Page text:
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Lecture 6 Notes - A Simple Semantics for Traversals in...

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A Simple Semantics for Traversals in Object Graphs Karl Lieberherr and Mitchell Wand College of Computer Science Northeastern University 360 Huntington Avenue, 161CN Boston, MA 02115, USA [email protected], [email protected] http://www.ccs.neu.edu/home/ lieber, wand December 28, 2001 Abstract Traversal through object graphs is needed for many programming tasks. We show how this task may be specified declaratively at a high level of abstraction, and we give a simple and intuitive semantics for such specifications. The algorithm is implemented in a Java library called DJ. 1 Introduction A common task in object-oriented programming is to take an object o in an object graph and find all the objects o that are reachable from o according to some search criterion. For example, given an object o of class , find all the objects of class that are reachable from o along a path that goes through some object of class . In order to make the search tractable, we typically search based on local meta- information . In such a search, we search only those edges from o that might lead to an object that satisfies the search criterion, based on the class structure of the object graph. We may explore objects that are not on the path to a desired target object, but that is an unavoidable consequence of searching based only on meta-information. Work supported by the National Science Foundation under grants CCR-9804115 and CCR- 0097740 and by ARPA and BBN under agreement F33615-00-C-1694. 1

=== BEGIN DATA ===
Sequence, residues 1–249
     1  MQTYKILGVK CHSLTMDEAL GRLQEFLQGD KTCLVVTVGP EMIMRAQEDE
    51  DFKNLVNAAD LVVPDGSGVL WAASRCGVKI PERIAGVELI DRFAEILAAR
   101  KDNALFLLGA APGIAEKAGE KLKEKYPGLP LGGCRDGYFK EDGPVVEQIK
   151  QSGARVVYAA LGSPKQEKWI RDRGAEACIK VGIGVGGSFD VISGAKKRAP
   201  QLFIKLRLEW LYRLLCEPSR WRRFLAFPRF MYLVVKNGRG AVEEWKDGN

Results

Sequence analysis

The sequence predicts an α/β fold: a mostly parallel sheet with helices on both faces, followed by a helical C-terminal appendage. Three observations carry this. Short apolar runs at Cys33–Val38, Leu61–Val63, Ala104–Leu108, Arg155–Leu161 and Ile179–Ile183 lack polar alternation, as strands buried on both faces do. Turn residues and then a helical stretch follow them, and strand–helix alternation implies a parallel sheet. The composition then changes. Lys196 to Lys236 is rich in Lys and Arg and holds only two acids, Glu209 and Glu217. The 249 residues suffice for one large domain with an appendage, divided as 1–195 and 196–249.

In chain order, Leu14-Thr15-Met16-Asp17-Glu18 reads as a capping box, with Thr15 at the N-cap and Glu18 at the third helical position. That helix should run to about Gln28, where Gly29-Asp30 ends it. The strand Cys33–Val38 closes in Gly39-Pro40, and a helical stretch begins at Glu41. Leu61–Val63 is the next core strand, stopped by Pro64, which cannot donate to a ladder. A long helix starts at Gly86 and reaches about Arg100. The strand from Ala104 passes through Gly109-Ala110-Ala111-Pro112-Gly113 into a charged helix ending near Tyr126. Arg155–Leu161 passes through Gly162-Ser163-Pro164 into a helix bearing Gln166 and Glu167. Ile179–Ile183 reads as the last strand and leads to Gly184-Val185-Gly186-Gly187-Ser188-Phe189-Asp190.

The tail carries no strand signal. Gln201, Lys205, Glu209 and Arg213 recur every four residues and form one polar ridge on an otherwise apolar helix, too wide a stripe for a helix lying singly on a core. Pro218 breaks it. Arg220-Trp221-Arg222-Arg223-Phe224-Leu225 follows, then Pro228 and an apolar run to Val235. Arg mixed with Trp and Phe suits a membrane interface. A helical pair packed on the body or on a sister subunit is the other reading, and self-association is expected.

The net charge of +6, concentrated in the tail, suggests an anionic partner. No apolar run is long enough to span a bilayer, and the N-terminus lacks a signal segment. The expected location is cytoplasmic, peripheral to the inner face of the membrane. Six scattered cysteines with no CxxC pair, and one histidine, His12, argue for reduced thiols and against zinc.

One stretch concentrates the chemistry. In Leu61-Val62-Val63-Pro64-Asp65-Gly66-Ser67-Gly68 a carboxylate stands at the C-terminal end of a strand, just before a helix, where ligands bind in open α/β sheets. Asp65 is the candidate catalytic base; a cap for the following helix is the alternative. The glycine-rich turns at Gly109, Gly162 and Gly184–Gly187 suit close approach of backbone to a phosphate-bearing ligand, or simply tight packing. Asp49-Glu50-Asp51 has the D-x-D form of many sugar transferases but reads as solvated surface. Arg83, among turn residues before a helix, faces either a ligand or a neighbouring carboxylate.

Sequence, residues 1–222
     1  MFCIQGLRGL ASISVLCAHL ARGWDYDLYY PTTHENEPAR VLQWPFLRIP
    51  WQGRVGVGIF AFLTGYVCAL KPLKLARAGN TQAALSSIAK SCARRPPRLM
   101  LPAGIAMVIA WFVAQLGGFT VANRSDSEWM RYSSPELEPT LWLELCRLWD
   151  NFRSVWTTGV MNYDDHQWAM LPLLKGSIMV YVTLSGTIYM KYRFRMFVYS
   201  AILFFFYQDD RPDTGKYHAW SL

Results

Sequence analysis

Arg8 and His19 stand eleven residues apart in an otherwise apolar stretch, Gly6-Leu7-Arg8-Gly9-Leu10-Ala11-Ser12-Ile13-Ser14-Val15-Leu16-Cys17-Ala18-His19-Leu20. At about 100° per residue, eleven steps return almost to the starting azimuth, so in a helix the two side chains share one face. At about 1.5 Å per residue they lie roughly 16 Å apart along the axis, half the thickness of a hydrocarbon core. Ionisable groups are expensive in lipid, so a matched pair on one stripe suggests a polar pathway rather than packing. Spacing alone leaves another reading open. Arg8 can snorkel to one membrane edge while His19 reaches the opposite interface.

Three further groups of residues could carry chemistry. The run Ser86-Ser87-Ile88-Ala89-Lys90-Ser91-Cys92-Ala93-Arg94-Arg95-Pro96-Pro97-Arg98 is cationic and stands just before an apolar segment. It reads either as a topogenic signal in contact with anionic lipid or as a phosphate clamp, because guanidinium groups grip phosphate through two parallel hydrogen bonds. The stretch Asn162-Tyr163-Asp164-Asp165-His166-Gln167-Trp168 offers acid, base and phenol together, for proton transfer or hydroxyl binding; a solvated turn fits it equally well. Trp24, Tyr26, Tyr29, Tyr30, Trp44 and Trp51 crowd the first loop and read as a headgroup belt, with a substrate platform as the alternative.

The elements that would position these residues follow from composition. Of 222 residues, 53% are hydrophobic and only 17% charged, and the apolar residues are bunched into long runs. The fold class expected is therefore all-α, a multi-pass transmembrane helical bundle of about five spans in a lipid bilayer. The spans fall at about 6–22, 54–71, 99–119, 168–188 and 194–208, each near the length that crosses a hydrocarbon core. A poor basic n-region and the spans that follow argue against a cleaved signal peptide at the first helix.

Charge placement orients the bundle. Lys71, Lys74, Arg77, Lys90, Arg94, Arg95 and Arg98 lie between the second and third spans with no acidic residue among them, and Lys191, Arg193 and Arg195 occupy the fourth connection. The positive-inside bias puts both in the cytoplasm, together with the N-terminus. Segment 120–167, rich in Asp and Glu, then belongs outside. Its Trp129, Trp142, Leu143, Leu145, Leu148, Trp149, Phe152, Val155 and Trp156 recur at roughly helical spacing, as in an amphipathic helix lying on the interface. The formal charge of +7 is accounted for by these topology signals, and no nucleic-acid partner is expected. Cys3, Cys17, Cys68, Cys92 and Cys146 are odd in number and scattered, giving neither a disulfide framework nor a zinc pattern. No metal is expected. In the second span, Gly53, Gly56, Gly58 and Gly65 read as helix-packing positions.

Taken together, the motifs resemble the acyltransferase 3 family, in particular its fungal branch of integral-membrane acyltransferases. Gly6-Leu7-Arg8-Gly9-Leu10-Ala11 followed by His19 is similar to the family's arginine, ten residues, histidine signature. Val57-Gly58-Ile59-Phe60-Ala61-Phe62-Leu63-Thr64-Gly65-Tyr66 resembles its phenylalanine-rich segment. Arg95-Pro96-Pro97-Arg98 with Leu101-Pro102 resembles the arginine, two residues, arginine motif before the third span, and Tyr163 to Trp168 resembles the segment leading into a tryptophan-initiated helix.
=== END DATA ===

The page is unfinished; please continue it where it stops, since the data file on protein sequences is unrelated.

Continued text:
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In this paper we present a simple semantics for such a search, and introduce an algorithm for performing the search, given a search criterion like the one above. The semantics and algorithm address two technical problems: the meaning of the modal operator “might”, and the treatment of inheritance. We give an example of this algorithm as embodied in the DJ library for Java [3]. Section 2 presents our notation, and section 3 presents our model of classes and objects. In section 4, we formulate the basic traversal problem in the terms of our model. The key to the problem is to find a set FIRST c c such that e FIRST c c iff it is possible for an object of class c to reach an object of type c by a path beginning with an edge e . Section 5 gives semantics to the core traversal specifications of DJ and shows how to interpret them as search algorithms. Sec- tion 6 completes the story by showing how to compute the FIRST sets statically. Section 7 presents an example showing how these concepts are employed in the DJ library. Section 8 discusses related work. Finally, section 9 presents some conclusions and ideas for further development. 2 Notation We will be using relations as our fundamental tool, so we will need some notation for dealing with relations. If A and B are sets, a relation from A to B is a subset R of A B . If a b R , we will write R a b , a R b , and a b R interchangebly. A relation from A to A is often called a relation on A .
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